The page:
Targeted at a wide audience, we framed the video within a ‘cost-benefit’ narrative, showing the economic benefits through migrants’ skills and taxes and the (limited) impact on services. A pilot was shown to focus groups attended separately by the general public, school pupils studying ‘A’ level economics and employers.

Some statistics are useful

To some extent our findings confirm that the public is not very interested in big statistics, such as the number of migrants in the UK. But our respondents did find some statistics useful. These included rates of benefit claims among migrants, effects on wages, effects on jobs and the economic contribution of migrants through taxes. They also wanted more information from which to answer their own questions about immigration. These related to a number of current narratives around selective migration versus free movement, ‘welfare tourism’ and the idea that our services are under strain.

Our research suggests that statistics can play a useful role in the immigration debate when linked closely to specific issues that are of direct concern to the public. There is a role for careful and accurate explanation of the evidence, and indeed there is considerable demand for this among people who are interested in immigration but do not have strong preconceptions. At the same time, there was a clear message from the focus groups that statistics should be kept simple. Participants also wanted to be sure that the statistics they were given were from credible and unbiased sources.

The public is ready for a more sophisticated public debate on immigration

The appetite for facts and interest in having an informed debate was clear, but can views be changed through fact-based evidence? We found that when situated within a facts-based discussion, our participants questioned some common misconceptions about the impact of immigration on jobs, pay and services. Participants saw the ‘costs and benefits’ narrative of the video as meaningful, responding particularly to the message that immigrants contribute to their costs through paying taxes. They also talked of a range of other economic, social and cultural contributions. But they also felt that those impacts were not the full story. They were also concerned about the perceived impact of immigration on communities, where issues become more complex, subjective and intangible for statistics to be used in a meaningful way.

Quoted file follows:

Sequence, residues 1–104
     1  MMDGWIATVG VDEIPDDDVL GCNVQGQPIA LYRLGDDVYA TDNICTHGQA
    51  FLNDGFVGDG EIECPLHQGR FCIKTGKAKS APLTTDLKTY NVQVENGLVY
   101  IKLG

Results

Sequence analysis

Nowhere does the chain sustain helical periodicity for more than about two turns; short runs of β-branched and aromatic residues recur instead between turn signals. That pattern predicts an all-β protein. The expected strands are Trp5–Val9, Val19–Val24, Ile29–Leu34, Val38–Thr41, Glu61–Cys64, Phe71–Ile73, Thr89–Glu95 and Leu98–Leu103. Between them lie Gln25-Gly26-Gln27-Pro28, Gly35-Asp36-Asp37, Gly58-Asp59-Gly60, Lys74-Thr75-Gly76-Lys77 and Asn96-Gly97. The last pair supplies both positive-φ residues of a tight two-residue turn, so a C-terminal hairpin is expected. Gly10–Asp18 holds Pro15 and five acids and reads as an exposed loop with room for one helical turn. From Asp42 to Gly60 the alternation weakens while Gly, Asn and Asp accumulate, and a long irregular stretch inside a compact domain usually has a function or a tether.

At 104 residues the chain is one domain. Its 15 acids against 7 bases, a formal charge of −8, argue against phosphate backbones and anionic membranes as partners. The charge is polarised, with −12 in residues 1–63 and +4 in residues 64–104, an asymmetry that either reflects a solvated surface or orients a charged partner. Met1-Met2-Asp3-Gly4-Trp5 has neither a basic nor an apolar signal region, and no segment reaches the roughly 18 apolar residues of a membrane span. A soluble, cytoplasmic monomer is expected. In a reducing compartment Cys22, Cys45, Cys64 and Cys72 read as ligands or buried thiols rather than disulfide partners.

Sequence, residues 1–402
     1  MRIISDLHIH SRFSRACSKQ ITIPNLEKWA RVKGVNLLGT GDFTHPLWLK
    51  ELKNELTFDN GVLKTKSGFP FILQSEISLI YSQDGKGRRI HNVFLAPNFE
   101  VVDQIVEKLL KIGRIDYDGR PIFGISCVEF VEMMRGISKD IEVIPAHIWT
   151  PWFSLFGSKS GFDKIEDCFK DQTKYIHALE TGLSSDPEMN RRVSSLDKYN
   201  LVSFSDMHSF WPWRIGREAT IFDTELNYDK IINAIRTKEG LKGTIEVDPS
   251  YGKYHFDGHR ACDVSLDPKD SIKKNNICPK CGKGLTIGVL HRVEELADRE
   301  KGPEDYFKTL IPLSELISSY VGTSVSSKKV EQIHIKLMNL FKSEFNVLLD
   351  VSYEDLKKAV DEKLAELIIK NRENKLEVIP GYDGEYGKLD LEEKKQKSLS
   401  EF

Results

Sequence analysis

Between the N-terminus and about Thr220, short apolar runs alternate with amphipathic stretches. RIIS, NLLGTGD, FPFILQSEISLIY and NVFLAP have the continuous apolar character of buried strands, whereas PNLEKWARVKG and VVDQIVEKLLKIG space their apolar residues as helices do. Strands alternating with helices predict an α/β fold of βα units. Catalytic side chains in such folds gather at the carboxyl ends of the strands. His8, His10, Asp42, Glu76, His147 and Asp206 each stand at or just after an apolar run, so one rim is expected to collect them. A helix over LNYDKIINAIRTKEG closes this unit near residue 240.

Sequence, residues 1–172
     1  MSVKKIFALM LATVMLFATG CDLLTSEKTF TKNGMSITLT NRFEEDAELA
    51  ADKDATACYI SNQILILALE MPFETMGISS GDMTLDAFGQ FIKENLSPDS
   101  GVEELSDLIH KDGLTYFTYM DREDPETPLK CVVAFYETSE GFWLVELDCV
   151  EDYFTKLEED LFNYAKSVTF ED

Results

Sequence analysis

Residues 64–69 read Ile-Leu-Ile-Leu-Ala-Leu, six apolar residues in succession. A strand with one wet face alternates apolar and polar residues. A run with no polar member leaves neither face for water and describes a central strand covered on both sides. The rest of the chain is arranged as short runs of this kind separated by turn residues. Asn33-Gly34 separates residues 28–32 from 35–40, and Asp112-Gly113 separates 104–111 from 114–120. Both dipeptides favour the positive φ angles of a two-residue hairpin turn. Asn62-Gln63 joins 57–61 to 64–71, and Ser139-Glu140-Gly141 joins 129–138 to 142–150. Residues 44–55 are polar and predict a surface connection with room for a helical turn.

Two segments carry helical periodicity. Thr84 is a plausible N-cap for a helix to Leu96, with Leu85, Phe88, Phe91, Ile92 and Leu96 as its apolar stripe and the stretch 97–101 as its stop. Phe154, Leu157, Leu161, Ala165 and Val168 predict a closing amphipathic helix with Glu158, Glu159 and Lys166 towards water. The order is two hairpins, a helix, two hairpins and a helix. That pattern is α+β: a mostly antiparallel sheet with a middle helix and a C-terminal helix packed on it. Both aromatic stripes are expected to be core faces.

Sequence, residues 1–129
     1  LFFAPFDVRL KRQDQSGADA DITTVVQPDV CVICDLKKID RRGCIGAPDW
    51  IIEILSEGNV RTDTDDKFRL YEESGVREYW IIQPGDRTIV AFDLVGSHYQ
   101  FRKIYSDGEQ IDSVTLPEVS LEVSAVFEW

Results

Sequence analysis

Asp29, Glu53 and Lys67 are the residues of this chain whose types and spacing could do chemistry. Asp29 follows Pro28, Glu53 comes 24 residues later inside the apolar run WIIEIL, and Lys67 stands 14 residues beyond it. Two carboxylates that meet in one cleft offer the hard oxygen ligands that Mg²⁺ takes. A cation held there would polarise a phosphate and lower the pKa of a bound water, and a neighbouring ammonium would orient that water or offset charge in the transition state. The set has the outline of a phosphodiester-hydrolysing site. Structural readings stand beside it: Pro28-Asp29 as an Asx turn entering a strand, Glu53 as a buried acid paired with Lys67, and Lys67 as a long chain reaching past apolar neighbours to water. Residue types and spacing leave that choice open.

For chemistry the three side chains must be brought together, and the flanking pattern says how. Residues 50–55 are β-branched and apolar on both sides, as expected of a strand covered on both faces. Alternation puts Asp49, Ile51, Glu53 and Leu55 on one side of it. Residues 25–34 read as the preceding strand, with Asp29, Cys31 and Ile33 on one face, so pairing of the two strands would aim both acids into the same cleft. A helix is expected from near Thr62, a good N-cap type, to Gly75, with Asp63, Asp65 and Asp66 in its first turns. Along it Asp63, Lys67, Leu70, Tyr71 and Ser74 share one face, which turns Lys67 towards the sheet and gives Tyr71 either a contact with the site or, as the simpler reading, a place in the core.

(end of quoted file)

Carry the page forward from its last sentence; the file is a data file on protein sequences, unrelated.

Opinion poll findings are often taken as proof that the public cannot have a sensible discussion on immigration and the debate is frequently described as ‘toxic’. But our research suggests that behind headline figures showing concern for its scale there may be both a more nuanced set of views and a real appetite for informed discussion. A small dose of statistics might just help to detoxify the debate. With immigration a deciding factor in how people cast their vote in the forthcoming referendum there can be no better time to try.